Faced with an accelerating rate of retirement over the coming decade, with over half of middle managers retiring over next few years, EPSO's David Bearfield and Yves Quitin outlined the modernisation of a recruitment process which had its roots in the 1950s. You can watch their entire talk, with slides, here.
Just as video makes reporting a conference easier, it is also increasingly a boon to recruiters. Dr Susan Morison of Queen's University Belfast's dental school gave an enlightening talk on the highly formalised, exam-like face-to-face selection process for prospective dental students, where they are asked a range of hypothetical questions to establish how they might fare as a dentist. This selection process would be held on campus - all very well for UK and Irish candidates, but not always an option for students overseas. Therefore, Queen's has started using Sonru, a video recruitment tool that allows overseas candidates to record video responses to interview questions from their home computer at a time that suits them - so-called asynchronous video screening.
Dr Morison admitted that she would be tempted to convert all the face-to-face mini-interviews to video interviews because she liked the flexibility it gave her as an interviewer. Face to face, an interviewee incapable of answering the question might take up eight minutes of the interviewer's time; via an online video it would take one minute.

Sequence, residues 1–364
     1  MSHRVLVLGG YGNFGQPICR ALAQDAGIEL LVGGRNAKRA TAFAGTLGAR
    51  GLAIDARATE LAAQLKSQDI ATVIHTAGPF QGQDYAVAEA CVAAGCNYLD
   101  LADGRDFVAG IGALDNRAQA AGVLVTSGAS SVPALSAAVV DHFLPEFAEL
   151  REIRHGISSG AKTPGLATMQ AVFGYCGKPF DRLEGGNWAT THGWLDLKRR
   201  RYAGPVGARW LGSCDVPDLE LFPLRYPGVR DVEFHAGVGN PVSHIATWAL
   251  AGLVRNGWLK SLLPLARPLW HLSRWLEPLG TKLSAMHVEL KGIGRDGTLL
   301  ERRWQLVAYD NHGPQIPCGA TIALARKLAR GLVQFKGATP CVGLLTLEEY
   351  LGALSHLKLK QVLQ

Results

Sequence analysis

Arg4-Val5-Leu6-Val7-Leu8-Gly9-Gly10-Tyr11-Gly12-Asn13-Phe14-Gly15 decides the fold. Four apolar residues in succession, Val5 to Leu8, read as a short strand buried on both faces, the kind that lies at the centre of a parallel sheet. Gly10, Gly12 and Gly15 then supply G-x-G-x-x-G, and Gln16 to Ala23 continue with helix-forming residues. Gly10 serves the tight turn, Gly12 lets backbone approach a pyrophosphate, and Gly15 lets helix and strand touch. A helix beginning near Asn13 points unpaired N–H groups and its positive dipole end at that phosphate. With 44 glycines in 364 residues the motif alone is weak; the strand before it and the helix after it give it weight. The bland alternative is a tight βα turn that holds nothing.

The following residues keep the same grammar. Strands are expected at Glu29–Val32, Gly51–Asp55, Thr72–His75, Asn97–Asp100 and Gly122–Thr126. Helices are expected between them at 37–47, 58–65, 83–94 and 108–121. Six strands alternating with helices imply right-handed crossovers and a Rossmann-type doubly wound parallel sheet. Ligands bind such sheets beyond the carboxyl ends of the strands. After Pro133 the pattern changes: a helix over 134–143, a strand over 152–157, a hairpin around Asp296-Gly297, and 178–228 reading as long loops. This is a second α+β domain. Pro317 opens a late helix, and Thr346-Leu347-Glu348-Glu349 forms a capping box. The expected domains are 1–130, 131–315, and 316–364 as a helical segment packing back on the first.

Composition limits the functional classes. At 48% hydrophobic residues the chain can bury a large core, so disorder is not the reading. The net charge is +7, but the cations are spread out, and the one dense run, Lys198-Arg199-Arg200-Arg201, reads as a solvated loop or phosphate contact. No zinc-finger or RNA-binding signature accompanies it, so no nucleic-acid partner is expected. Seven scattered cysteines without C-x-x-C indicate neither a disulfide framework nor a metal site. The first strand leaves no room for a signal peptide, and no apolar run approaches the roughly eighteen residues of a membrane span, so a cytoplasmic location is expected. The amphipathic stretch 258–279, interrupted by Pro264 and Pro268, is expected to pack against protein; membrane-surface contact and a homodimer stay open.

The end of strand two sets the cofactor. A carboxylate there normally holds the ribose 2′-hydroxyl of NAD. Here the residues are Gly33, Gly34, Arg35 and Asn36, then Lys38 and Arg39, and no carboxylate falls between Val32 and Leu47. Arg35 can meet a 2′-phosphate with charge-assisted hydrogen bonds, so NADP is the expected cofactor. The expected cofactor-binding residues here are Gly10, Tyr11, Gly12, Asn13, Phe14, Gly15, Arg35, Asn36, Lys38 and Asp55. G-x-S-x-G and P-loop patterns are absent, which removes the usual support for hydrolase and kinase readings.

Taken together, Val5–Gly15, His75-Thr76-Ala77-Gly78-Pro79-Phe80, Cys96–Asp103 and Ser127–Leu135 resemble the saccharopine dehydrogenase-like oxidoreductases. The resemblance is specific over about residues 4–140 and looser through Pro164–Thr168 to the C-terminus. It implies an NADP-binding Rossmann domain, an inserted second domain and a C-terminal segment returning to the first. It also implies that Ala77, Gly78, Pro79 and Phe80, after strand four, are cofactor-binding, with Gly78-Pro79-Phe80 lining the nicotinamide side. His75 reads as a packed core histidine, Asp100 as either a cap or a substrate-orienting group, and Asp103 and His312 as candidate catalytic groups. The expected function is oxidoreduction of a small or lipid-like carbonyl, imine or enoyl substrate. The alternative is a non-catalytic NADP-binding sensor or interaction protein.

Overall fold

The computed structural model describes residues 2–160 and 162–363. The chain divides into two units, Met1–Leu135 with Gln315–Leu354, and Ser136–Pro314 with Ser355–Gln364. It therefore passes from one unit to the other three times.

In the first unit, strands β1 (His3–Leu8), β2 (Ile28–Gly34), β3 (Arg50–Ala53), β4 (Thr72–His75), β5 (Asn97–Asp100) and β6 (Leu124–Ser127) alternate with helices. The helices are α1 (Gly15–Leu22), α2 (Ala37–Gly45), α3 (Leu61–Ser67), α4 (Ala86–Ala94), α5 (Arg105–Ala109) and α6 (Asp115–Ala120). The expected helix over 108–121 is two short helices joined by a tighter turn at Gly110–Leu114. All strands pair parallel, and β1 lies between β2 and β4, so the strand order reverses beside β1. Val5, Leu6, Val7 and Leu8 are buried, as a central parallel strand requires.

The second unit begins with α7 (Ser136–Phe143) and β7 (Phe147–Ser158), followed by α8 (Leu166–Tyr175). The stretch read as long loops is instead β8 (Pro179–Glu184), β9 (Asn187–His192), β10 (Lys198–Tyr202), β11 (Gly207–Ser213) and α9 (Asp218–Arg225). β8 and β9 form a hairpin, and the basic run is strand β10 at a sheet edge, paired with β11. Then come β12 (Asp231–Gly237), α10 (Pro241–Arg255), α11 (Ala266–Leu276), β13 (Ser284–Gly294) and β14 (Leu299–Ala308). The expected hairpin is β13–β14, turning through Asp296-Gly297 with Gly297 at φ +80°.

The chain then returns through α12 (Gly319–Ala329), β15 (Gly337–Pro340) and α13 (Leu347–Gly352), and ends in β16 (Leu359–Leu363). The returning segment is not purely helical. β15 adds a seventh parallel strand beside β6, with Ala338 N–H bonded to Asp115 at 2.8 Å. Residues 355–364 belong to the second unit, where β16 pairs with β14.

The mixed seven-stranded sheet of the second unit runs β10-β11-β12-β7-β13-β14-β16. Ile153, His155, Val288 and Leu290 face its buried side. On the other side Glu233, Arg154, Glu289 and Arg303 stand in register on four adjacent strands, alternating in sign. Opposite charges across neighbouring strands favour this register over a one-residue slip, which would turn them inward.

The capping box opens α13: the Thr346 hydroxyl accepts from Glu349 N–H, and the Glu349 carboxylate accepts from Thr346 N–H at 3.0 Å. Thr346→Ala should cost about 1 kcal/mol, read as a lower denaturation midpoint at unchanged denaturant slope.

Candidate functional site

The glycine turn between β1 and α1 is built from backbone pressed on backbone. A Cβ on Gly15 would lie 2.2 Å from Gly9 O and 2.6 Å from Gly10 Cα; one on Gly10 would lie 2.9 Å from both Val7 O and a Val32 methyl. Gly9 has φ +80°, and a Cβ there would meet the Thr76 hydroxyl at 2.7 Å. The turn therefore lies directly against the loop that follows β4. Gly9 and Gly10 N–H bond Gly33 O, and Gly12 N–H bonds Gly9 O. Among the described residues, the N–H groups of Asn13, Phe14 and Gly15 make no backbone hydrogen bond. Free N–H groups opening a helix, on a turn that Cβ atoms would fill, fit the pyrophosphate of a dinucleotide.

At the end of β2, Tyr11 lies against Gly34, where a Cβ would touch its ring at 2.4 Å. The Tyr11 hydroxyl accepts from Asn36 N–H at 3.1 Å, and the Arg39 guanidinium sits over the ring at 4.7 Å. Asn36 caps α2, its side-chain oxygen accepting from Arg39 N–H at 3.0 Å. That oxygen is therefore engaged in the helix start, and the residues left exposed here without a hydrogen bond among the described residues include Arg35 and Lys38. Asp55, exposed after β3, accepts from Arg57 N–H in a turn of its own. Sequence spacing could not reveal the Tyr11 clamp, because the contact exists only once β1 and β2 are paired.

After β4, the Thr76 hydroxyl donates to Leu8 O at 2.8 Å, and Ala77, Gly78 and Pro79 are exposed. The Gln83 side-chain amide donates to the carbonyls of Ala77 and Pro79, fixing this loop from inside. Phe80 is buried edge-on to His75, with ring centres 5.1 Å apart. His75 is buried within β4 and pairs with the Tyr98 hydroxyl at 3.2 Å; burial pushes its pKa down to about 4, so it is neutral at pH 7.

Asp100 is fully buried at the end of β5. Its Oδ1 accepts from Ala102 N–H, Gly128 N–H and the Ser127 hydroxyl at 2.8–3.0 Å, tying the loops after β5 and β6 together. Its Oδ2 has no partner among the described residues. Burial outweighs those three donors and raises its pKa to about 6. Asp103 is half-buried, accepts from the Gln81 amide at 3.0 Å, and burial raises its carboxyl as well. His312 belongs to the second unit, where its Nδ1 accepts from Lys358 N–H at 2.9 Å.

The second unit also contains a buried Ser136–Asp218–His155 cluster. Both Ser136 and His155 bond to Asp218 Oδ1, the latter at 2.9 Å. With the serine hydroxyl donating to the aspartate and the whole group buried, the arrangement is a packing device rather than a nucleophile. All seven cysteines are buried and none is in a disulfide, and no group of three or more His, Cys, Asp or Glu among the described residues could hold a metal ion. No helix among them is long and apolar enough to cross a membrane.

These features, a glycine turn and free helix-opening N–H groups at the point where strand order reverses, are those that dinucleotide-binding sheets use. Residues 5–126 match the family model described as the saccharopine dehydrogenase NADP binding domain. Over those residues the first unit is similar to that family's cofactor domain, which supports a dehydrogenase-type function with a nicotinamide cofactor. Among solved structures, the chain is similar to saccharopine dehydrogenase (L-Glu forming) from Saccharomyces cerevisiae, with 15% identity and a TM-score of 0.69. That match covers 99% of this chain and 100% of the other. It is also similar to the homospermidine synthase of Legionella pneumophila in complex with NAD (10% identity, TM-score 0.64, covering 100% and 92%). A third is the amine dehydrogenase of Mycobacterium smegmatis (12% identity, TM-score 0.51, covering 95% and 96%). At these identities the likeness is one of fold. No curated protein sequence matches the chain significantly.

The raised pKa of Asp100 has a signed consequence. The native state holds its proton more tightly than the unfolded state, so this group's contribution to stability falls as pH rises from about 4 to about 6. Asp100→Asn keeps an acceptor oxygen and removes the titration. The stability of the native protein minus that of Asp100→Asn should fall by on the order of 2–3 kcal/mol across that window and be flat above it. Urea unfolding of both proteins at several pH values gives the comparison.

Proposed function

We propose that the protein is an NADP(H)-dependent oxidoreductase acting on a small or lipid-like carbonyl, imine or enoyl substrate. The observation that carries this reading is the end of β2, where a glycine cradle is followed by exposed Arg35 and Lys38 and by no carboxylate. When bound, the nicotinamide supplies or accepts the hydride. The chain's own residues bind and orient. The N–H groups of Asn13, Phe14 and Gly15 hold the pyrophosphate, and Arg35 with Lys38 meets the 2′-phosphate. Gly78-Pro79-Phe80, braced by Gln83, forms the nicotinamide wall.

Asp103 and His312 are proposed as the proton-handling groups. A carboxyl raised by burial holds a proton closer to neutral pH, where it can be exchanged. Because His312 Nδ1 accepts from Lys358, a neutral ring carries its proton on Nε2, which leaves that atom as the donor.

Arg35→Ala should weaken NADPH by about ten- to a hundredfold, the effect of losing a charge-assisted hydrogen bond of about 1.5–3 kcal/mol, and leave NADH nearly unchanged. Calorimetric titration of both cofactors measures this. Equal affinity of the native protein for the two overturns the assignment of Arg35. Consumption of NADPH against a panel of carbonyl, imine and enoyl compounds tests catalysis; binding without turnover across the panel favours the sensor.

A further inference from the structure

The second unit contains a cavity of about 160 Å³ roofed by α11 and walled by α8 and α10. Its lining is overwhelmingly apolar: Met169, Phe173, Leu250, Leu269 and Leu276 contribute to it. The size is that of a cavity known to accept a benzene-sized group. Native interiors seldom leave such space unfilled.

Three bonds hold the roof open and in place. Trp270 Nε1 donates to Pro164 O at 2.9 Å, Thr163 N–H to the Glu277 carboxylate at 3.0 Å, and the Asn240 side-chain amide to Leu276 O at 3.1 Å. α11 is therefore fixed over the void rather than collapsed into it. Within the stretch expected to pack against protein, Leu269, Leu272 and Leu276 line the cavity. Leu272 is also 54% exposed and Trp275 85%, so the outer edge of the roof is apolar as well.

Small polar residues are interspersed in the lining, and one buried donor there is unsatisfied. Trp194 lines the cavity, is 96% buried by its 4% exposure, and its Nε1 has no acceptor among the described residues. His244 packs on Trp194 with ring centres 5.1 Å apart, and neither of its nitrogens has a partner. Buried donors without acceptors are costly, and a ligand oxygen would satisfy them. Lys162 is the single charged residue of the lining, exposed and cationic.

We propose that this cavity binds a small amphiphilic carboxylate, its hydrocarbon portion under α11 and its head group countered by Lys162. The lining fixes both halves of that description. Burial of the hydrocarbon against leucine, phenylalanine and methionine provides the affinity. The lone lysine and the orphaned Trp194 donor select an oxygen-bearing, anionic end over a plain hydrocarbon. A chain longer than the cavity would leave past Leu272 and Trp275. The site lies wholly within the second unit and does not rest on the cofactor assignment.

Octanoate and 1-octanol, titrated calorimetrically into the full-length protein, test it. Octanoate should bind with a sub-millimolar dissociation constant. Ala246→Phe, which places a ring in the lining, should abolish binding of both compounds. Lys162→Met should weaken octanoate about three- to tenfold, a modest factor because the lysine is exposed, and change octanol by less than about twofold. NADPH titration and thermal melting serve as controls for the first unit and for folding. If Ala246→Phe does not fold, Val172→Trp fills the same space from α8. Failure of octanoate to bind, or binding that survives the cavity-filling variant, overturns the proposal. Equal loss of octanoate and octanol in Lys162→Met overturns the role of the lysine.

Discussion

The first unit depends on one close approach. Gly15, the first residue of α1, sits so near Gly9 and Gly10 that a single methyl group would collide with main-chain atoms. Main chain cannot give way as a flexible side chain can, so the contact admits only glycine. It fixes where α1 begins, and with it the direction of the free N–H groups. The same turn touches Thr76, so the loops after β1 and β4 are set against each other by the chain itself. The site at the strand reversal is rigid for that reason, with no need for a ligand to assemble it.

CERN's James Purvis was also an advocate of using Sonru for screening, particularly given CERN's mandate to recruit from all EU member states: "If we can reduce from inviting five candidates from our member states to four, that's a 20% cost saving."
Work at CERN
Francois explaining why CERN researchers test the superconducting magnets.
CERN is an amazing place. As well as the terrific talks in the conference, delegates also had the opportunity to visit some of the experiments on the site. We were lucky enough to hop over the border into France for a tour of the facility where CERN researchers test the superconducting magnets that control the position of the particles whizzing around the tunnel. Our guide, Francois, above, a post-graduate on a two-year placement at CERN, was the perfect advert for why you might want to work there.
He told us that the temperature in the LHC was -271.3 degrees Celsius, 36.3 degrees colder than the surface of Neptune's moon Triton. He explained that the temperature of an LHC collision could reach 10,000,000,000,000,000 degrees Celsius (the Sun's surface is approximately 5,000 degrees). And he imparted that the vacuum created in the collider "contains more nothingness" than the vacuum that exists on the Moon. Each time he told us these barely comprehensible facts, his smile spoke volumes - and on the evidence of what we saw in Geneva, CERN appears to have harnessed this emotional energy, this drive to work at CERN, in its recruitment communications.